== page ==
Scientists unlock the key to cancer’s emergency brake
The breakthrough is centred on PP2A, a type of enzyme produced by the human body that is capable of halting a tumour’s growth.
A team of scientists led by the University of Michigan Rogel Cancer Center has identified a key braking mechanism that could potentially halt the runaway growth of many different types of cancer.
The breakthrough is centred on PP2A, a type of enzyme produced by the human body that is capable of halting a tumour’s growth by breaking down proteins used by the cancer to duplicate.
Scientists have known for a while that certain compounds, dubbed SMAPs meaning small molecule activators of PP2A, are capable of increasing the activity of PP2A, helping it to kill cancer cells and shrink tumours. However, they lacked a precise understanding of the location on the protein at which these compounds interact.
To solve this issue, the team used a special type of microscope to produce a 3D model of a molecule that binds to the protein PP2A at certain points, allowing it to halt the growth of tumours.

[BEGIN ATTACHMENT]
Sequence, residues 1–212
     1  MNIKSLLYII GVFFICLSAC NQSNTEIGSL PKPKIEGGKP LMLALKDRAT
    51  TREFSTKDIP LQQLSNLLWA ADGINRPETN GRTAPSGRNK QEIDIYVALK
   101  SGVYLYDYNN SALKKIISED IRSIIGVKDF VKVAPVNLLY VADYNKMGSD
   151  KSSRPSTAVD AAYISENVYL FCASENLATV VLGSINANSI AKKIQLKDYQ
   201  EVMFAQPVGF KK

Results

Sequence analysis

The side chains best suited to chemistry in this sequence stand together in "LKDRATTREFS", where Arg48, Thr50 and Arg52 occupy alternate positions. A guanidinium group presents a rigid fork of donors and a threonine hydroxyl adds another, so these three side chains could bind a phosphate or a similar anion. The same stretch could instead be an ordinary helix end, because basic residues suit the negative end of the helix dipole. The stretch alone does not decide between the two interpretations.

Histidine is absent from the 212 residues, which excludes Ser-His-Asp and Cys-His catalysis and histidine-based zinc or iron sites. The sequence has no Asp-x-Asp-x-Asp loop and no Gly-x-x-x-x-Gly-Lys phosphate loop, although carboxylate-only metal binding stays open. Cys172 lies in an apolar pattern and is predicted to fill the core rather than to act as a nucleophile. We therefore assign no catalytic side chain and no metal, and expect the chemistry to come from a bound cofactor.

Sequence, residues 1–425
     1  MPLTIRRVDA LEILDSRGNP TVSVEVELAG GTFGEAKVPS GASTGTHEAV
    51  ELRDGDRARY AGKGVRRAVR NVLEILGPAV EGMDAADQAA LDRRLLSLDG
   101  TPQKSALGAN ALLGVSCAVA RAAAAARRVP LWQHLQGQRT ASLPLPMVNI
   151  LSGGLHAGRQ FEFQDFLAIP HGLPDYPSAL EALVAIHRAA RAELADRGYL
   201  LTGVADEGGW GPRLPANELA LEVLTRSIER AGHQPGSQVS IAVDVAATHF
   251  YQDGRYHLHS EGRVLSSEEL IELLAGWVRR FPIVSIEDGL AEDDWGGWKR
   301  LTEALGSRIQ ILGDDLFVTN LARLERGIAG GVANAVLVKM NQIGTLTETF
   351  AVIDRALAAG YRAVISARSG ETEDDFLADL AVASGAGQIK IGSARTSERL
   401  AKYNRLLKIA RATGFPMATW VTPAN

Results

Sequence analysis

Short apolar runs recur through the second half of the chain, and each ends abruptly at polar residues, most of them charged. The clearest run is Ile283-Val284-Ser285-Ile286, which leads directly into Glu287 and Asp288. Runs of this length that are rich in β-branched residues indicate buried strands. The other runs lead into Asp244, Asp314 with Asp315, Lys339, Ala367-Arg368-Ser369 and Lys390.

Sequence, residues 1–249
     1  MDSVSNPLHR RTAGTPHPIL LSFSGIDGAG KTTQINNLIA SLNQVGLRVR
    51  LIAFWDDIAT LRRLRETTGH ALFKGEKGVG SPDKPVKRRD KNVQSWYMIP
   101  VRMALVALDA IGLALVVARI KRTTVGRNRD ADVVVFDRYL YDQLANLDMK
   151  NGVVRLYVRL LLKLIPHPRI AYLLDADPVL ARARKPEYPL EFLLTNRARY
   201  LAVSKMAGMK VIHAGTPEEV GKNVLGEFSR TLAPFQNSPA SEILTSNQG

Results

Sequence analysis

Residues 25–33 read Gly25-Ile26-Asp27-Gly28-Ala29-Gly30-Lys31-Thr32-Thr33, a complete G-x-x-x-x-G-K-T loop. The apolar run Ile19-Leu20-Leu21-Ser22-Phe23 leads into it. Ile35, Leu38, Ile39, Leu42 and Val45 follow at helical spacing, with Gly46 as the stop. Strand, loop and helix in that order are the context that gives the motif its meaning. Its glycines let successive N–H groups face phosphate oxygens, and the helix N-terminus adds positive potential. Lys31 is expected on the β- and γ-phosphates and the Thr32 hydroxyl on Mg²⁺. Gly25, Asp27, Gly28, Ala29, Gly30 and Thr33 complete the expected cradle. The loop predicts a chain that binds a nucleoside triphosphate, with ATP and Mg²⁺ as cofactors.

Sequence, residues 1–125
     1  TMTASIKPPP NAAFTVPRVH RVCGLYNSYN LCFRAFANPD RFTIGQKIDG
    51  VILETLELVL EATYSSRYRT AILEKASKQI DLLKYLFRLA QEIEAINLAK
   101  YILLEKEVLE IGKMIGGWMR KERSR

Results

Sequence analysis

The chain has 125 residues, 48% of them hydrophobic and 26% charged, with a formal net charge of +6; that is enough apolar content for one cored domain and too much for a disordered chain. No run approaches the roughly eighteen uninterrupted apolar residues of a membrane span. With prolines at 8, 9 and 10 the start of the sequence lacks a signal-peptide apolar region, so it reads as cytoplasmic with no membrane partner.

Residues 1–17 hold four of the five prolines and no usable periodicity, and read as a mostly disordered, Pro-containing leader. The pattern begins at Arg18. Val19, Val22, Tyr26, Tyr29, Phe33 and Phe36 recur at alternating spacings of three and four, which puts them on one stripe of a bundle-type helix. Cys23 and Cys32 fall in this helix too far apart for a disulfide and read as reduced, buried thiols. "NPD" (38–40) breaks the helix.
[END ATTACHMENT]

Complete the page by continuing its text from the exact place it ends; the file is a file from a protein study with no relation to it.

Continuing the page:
“The three-dimensional images of our tool-molecule, DT-061, bound to PP2A, allowed us to see for the first time precisely how different parts of the protein were brought together and stabilized by the compound,” said study co-senior author Derek Taylor, an associate professor at Case Western Reserve University.
As PP2A is also inhibited in other illnesses, such as cardiovascular diseases like heart failure and neurodegenerative diseases like Alzheimer’s, Taylor hopes that now the structure of the DT-061 molecule is known, it can be used to develop compounds for use in a wide range of future clinical treatments.
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Amy is the Editorial Assistant at BBC Science Focus. Her BA degree specialised in science publishing and she has been working as a journalist since graduating in 2018. In 2020, Amy was named Editorial Assistant of the Year by the British Society of Magazine Editors. She looks after all things books, culture and media. Her interests range from natural history and wildlife, to women in STEM and accessibility tech.